JMS: on AO# I’ve run into stories where it’s all tags and no summary.
ME: Can we move on to shipping now?
OP: YES!! I get to go first because I won Roux chambeaux for this one.
JMS (catching my mention of their contest): Mama, NO!
OP (laughing and chanting): shipping, shipping, shipping, shipping…
All laughing. Some squeeing from the younger set.
OP: So first off, not all ships are gay, despite what everyone says. Shipping is great because like, two characters that don’t get together in the show… it bothers me when it takes people out of canon ships. No, just no.
JMS: Incest bothers me.
OP: Incest is gross. Oh god why?
JMS: Even if they are adopted siblings it’s still weird.
ME: So you like the romance in fan fiction?
OP: It depends on the romance. There are some really weird definitions of romance out there.
JMS: I can barely find a well-written yandere.
OP: yandere is basically like Japanese for one person that is in love with this other person, but this other person does not know that they are in love with them. The one that is in love with them will kill, or stalk, or do anything to make sure that person stays theirs. It’s kind of like they will kill them if they can’t have them.
Me: I’m redirecting this a bit. Do you have much interest in reading original fiction?
JMS: There are some people who write original fiction and all they use is the character’s names. They are so OOC that they are not related to the original story.
OP: define OOC.
JMS: Off Original Character. They are still really good.
Me: I actually meant like, books.
OP: Like original original? I am interested in them, but I don’t have time to sit down and read a novel. I don’t know about Freshie over here, but as a Junior I don’t have time to read a novel that isn’t assigned for class.
JMS: You have time when you stay home sick.
OP: I haven’t been to the library recently.
ME: Can I blow your minds and tell you there is such a thing as short original fiction, too? (laughing)
OP: Yeah, but they are hard to find. It’s hard for me to go look it up.
ME: so basically fan fiction is easier to find?
OP: Yeah, it’s all condensed on one website.
OP: Creepypasta is different. It’s all one genre and I’m not a horror person.
JMS: I tend to go on Taptastic, which is all webcomics, but it’s really good.
OP: There is also Wattpad. Wattpad is, technically, you can put any kind of story on it, but it’s hard to deal with. On a phone, you can’t even go from chapter to chapter.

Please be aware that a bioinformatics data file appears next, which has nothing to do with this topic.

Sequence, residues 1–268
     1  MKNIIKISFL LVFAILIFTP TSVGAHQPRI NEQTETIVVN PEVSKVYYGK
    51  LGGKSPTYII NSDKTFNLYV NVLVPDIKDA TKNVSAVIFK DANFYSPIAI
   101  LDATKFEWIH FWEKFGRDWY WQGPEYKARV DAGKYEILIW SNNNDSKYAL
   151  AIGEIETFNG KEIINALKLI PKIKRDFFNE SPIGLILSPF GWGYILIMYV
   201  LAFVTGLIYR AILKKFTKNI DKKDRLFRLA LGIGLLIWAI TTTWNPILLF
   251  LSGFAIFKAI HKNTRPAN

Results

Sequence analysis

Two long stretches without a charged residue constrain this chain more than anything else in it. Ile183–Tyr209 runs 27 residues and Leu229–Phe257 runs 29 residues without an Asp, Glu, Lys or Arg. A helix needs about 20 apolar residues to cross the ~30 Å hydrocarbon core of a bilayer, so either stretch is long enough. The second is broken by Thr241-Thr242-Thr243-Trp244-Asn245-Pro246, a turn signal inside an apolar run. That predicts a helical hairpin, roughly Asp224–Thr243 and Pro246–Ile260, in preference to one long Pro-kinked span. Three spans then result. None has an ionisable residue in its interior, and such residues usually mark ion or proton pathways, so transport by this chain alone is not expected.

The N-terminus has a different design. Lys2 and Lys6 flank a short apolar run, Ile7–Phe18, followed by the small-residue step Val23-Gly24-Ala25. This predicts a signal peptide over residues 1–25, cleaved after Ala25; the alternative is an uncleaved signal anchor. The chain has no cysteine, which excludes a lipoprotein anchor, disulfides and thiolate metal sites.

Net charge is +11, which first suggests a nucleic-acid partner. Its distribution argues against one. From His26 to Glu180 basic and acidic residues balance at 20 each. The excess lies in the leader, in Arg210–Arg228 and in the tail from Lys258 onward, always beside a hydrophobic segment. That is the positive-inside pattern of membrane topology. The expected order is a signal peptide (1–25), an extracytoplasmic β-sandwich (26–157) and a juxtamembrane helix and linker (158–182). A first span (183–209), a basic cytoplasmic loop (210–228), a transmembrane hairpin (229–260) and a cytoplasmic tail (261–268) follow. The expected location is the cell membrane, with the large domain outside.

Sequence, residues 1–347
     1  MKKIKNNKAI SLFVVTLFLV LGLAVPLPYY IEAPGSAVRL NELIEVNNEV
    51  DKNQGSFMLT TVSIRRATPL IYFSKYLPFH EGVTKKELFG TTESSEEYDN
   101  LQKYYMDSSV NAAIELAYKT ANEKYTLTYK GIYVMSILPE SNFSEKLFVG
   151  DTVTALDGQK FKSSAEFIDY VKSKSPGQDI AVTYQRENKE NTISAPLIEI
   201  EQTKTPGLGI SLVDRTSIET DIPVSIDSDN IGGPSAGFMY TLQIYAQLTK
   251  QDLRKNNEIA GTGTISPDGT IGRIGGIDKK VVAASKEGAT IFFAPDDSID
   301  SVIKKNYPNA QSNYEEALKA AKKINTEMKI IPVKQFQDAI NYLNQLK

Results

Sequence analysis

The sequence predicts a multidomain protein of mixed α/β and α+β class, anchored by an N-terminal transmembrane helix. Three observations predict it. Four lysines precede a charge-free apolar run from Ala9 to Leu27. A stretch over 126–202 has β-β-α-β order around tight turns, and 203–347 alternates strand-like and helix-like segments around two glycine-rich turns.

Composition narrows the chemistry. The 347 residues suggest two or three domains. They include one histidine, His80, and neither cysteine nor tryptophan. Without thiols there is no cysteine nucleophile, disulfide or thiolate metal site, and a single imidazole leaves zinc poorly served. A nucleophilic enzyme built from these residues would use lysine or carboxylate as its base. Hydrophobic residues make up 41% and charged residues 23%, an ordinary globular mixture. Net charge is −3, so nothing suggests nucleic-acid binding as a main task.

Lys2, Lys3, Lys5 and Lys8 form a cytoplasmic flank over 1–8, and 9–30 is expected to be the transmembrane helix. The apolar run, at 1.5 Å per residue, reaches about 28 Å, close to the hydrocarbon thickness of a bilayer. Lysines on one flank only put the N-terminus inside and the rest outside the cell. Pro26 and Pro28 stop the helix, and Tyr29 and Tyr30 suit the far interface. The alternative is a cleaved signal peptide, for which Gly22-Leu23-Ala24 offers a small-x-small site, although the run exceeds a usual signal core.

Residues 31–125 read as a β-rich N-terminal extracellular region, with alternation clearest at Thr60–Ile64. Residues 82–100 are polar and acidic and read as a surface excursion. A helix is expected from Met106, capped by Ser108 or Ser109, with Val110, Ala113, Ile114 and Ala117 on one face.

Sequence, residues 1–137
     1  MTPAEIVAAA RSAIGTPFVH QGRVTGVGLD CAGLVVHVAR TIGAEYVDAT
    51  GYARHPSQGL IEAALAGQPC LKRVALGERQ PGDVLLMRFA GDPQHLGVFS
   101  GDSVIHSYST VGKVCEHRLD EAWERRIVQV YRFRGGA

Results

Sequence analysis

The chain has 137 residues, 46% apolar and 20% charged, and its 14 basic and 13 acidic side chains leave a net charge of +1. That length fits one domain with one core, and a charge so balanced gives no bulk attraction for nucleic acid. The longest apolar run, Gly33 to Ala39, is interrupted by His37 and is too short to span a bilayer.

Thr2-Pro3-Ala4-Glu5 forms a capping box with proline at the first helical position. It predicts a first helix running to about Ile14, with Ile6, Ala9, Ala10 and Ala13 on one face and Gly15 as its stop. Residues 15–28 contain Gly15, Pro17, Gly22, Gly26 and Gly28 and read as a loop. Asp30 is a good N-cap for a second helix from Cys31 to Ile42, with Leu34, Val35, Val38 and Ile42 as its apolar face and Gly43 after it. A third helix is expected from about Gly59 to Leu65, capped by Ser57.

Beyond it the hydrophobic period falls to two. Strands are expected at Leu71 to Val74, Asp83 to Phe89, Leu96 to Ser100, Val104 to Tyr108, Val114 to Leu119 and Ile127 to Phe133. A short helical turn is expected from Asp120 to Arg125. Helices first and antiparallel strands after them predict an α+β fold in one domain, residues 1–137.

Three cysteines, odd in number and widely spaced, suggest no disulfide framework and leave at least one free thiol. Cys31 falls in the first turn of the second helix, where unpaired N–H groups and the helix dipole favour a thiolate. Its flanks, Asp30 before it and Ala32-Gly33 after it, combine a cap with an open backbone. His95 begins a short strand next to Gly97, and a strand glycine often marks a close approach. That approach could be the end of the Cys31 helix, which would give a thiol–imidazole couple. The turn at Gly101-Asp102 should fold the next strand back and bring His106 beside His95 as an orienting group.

JMS: On fan fiction.net you can download a story on your phone, it has an app. AO3 it has all those tags, so you can see what you are getting into. Wattpad is the hardest to use out of the three of those.
OP: it’s harder to find stories on it, and there are a lot of twelve-year-olds who make mistakes on there. No offense to twelve-year-olds, but it’s not good.
ME: Have you tried reading from the Kindle library? You both have access to mine.
OP: Yeah, I’ve read everything I was interested in on there. Most of those are yours and not up my alley.
JMS: I’m particular about what I read, and I like fan fiction better.
OP: It’s not that I won’t read any books, it’s just that there’s nothing new for me to read. There are continuations of series I’ve been reading and need to finish. There might be novels out there that are perfect for me, but they are hard to find when I can get fan fiction.
JMS: I’m going to go read some fan fiction.
And that’s about it from our house about fan fiction, at least for today. I wanted to get the teen insight into what works for them. I don’t know if it comes across in this, but both of them are raving fans of it, and it’s very difficult for me to get them ‘into’ books I recommend. So they read, and read a lot, but it’s in a style I find very different. As a writer, I feel that I need to explore this – these young readers like my girls are going to dictate what becomes of fiction, in the coming years, and I want to find the rhythm they enjoy to incorporate some into my own work. I’m not inclined to write fan fiction, for one thing I plan to earn money with my work. But it’s important to see that styles change, and how they are doing so.
JMS pops back into the room: I think I found my least favorite type of fan fiction. The kind where the writer forgets how to use the Enter key.